Not only is President Obama leading from behind, now he’s leading from behind Bill Clinton.If you want to talk about what's actually going on in Syria and what the United States ought to do about it, please go to the earlier post on the subject. This new post is for talking about those 4 Maureen Dowd sentences. I'll start off the conversation with a list of 10 things.
After dithering for two years over what to do about the slaughter in Syria, the president was finally shoved into action by the past and perhaps future occupant of his bedroom....
The less Obama leads, the more likely it is that history will see him as a pallid interregnum between two chaotic Clinton eras.
Nature abhors a vacuum. And so does Bill Clinton.
1. The phrase "leading from behind" has always seemed funny to people. If you're behind, you're not in front, so how is that leading? Those who like Obama think it's clever/intriguing. Those who are literal-minded — and notice imagery — focus on the word "behind."
2. To take "leading from behind" and then put Barack behind Bill is to demand that we picture the 2 men in a physical position and — particularly with the amusing phrasing and because we're talking about Bill Clinton — to experience the sexual innuendo.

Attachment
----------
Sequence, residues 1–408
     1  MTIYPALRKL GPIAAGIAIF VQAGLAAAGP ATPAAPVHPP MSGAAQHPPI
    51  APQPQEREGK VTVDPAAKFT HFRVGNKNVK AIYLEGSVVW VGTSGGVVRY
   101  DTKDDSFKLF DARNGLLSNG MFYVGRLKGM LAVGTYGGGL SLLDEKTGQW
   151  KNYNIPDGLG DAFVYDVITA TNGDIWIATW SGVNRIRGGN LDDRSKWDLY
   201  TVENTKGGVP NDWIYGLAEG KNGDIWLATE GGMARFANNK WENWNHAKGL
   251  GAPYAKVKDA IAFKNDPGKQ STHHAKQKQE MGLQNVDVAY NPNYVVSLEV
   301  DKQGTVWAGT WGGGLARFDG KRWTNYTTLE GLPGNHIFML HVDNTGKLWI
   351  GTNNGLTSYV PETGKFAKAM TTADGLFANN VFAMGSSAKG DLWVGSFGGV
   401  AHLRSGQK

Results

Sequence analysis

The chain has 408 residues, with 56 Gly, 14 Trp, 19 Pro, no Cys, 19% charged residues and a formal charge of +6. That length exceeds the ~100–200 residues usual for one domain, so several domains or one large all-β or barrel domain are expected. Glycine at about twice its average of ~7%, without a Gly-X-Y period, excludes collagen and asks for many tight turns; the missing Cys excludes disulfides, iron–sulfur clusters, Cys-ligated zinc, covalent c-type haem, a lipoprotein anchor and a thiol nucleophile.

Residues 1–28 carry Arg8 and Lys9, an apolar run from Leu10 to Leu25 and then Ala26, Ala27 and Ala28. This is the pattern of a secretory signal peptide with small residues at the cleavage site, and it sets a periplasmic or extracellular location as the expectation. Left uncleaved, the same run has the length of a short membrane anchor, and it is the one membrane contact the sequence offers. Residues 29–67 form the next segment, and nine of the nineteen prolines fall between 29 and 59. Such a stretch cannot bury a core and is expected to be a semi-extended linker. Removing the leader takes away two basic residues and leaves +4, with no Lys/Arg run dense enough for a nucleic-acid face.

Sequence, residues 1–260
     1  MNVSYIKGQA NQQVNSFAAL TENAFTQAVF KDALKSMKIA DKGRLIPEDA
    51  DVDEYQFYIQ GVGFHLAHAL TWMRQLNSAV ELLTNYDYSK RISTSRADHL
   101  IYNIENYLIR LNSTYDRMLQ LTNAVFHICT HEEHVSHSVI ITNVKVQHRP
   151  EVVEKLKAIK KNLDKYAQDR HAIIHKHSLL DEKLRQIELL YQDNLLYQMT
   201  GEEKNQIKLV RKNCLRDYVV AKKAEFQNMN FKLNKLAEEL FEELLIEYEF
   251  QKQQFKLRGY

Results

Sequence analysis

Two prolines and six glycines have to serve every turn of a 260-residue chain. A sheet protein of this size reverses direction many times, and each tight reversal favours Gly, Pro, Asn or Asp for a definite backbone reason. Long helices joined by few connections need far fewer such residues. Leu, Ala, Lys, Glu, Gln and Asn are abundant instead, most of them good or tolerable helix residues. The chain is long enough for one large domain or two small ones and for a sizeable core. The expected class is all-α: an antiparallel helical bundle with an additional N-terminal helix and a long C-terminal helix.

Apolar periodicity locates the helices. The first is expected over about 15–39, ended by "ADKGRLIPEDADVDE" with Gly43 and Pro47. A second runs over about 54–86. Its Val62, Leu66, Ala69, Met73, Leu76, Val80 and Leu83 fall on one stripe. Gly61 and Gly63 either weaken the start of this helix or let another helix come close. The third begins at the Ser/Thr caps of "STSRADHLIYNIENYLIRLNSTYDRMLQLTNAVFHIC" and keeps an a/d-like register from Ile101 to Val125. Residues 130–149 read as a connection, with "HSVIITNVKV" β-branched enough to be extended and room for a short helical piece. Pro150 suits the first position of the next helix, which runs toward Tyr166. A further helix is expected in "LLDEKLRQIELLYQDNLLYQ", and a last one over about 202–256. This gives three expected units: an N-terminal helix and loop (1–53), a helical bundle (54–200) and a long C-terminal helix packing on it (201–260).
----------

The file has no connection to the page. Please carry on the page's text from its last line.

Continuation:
3. Said innuendo is violently intensified by the phrase: "shoved into action by the past and perhaps future occupant of his bedroom."
4. If Barack is behind Bill, then how did Bill shove Barack? Maureen is not fully in control of her imagery.
5. Got to give Maureen points for the poetic proximity of the verbs "dither" and "slaughter."
6. The dithering is Barack's. The (unlinkable) OED says "dither" originally meant, in dialect, "to tremble, quake, quiver, thrill."
7. "Pallid" means " Lacking depth or intensity of colour; faint or feeble in colour; spec. (of the face) wan, pale...." That's quite something, saying that history will remember The First Black President, Barack Obama, as pale-faced!
8. Barack is pallid compared to Bill. Maureen is taunting Boyfriend Barack: He's not as manly as Boyfriend Bill, who might just get to be her boyfriend again.
9. Pallid interregnum. "Pallid" is a poetic word, and Maureen is doing various poetic turns. I know what "interregnum" means, but I also hear near-puns, and we've got leading from behind and shoving in the bedroom and 2 boyfriends, one of whom is portrayed as subordinate.
10. And that brings us to "vacuum," an empty space. One might say a hole, which you know Bill Clinton feels compelled to fill.